My question was closed as too localized:


I'm not sure that "too localized" is a bad thing in this case. This question, in my mind, would have been useful for people who already own, have read, or have considered buying many of the "classics" (GoF, SICP, Dragon, Pragmatic Programmer, etc, etc, etc). I'm at fault for not stating my rational in my question, but I asked the question precisely because this would be useful for me. It's hard to sift through all the past very good books to find the good new books. Given the number of upvotes and stars I think it was useful to others too.

Furthermore, it can be useful for people who want to keep on top of new developments in the field.




Remember that the purpose of the Stack Exchange family of websites isn't to be a closed eco-system for the sole benefit of regular visitors or the question-asker, but to be a resource for people searching for answers. That is, to out-Experts-Exchange Experts Exchange.

If I'm searching for best programming books in, say, 2012, finding questions that only applied to 2010 isn't helpful and reinforces the problem people have with searching for answers: tons of out-of-date and irrelevant answers.

Because of this, questions need to be as timeless and universal as possible. When asking a question, you should be thinking "Can this question help others in a year from now?" Books like Code Complete are good recommendations because they have been proven to be relevant for years. It's not clear at all what books of 2010 are going to be all that useful even six months from now.

  • There are already generalist book threads, this one is not meant as a substitute to the best programming books, it's just meant as an answer to a different, more targeted question. – JDelage Dec 14 '10 at 8:58
  • @JDelage: I think you missed my point; I understand you're asking a different, more targeted question. I'm saying your question has been closed as being too localized because this site is meant for generalized questions that are not time limited. If you want to ask ephemeral questions like "best books of this year", you're in the wrong place. – user8 Dec 14 '10 at 9:08
  • Fair enough - I guess my point is that there doesn't seem to be an obvious reason to apply such a guiding principle with absolute consistency. I understand the ambition of not becoming a repository of obsolete knowledge, but I think a 1 yr time frame of book publishing isn't at risk of becoming irrelevant for a while. I also think that if a top 10 book was published in 2010, it would take several years to get to its "right" spot on a general list. That's a weakness of the SO engine IMHO. – JDelage Dec 14 '10 at 9:54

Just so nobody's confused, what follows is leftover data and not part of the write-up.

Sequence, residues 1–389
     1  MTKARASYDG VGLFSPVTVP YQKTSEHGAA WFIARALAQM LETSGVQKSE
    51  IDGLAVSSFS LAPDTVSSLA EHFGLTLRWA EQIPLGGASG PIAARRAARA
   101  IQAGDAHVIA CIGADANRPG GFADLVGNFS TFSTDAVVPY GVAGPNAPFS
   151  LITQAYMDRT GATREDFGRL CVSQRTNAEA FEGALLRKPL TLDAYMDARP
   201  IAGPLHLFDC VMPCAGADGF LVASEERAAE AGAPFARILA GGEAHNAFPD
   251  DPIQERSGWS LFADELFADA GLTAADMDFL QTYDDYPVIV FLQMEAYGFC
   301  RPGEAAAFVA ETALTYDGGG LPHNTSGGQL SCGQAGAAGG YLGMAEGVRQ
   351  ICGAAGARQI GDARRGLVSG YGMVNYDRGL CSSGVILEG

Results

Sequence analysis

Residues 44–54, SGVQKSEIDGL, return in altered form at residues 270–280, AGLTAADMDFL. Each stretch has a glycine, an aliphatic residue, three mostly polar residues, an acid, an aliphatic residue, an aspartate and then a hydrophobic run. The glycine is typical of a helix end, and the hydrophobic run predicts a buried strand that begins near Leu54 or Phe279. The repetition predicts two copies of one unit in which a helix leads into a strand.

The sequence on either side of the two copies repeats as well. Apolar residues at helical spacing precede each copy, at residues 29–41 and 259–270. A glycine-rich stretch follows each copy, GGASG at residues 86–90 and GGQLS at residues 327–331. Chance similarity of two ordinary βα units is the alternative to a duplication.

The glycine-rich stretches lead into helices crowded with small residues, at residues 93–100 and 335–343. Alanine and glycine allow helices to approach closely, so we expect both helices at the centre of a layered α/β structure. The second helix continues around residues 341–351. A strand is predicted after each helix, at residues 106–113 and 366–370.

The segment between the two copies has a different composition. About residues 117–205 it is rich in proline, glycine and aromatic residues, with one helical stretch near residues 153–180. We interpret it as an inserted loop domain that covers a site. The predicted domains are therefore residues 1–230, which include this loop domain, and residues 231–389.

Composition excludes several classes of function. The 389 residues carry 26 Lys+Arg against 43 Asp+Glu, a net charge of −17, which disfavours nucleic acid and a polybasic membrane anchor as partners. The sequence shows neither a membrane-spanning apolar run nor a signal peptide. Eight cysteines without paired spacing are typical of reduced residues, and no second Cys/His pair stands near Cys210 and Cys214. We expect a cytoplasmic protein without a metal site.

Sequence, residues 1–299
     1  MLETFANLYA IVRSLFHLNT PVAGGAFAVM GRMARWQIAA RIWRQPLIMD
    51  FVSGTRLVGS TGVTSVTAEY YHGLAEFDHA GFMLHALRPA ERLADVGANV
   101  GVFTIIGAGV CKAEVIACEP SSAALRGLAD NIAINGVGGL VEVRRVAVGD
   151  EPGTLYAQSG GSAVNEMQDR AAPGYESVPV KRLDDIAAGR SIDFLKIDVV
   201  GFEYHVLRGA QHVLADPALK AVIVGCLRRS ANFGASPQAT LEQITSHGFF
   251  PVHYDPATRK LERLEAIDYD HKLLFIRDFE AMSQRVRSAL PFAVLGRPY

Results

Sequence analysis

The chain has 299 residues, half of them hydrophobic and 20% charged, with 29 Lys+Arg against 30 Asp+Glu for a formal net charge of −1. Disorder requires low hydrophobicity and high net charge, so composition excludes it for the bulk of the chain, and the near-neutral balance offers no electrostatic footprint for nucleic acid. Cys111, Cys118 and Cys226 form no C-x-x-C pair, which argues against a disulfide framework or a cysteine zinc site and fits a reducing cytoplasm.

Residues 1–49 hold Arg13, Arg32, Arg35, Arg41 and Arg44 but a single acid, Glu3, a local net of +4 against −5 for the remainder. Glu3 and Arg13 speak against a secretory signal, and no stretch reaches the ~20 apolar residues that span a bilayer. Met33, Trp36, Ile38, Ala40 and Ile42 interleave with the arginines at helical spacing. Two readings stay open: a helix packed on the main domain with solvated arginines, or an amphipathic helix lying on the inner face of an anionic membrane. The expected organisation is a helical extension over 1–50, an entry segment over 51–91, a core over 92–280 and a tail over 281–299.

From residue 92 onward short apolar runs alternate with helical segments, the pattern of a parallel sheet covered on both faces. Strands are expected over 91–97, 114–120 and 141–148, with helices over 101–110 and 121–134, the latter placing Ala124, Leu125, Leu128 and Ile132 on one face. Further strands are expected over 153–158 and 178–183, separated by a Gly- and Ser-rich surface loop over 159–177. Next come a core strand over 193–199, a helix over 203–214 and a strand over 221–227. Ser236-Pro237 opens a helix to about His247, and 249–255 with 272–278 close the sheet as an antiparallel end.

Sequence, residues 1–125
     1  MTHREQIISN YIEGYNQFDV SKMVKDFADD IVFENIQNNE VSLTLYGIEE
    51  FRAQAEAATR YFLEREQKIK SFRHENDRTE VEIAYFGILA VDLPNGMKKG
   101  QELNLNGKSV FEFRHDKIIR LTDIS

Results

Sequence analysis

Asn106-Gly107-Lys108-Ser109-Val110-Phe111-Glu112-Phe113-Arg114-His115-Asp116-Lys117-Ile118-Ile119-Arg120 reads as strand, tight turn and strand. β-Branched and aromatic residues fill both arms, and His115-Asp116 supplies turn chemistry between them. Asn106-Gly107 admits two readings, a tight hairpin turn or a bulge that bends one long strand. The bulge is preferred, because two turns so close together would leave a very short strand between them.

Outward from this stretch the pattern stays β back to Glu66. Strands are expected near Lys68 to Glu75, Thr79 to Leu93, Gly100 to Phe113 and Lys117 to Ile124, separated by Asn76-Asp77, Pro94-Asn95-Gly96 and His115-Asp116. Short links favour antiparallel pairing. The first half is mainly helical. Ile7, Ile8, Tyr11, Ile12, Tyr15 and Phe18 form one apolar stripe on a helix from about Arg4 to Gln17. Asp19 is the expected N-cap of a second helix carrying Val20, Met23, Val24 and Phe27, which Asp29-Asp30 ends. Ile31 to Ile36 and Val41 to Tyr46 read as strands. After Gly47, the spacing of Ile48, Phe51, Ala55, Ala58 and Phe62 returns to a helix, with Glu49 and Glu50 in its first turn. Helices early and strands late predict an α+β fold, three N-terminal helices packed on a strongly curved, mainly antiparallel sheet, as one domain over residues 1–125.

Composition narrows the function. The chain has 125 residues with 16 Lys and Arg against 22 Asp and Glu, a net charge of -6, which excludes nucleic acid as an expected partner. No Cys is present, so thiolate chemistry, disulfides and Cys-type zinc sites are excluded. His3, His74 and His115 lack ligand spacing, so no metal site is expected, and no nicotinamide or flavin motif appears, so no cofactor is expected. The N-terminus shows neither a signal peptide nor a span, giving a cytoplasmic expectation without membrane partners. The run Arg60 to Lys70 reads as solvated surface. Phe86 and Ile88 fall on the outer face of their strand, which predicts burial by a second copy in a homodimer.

• If I look at the "Most influential book..." thread on SO, and look at the pub dates, I see for the top 10 books: Dragon (2006 but initially published in 1977), Art of CP (1997 for 1st volume), GoF (1994), Mythical MM (1995), Refactoring (1999), C prog language (1988 but 2nd edition), Code Complete (2004, 1993 for 1st ed), Pragmatic Prog (1999). This makes it impossible to use such a list to discover new books, because even masterpieces cannot match the accumulated readership of those older books. – JDelage Dec 14 '10 at 10:07
  • @JDelage: I think what Mark is trying to say is that SE just isn't well-suited for discovering new, not-yet-widely-recognized books - until they're already well-known, they just won't have the votes! Try Amazon... – Shog9 Dec 14 '10 at 16:00
  • Maybe to ask about non classical books could be OK, but books released just for one year is too localized. Rarely books get the status of good reading in his release year. That question just get biased, unreliable and irrelevant answers. – Maniero Dec 14 '10 at 19:50
  • Ok, I'll get off my horse then... If anyone has any idea on how to phrase a question that would get to the good recent books, please go ahead. :-) – JDelage Dec 14 '10 at 20:12
  • @JDelage I still think you're approaching this site the wrong way. Answers that are only relevant for a specific moment in time are not useful for this site, regardless of how the question is asked. If you want to ask about books every programmer should read, that's fine (although I'm sure it's already been asked), but there is no question that's going to be acceptable here that would only provide "good recent books" as answers. – user8 Dec 14 '10 at 21:58
  • @Mark - isn't it a question of degree? What isn't time limited in the long run? – JDelage Dec 15 '10 at 10:04

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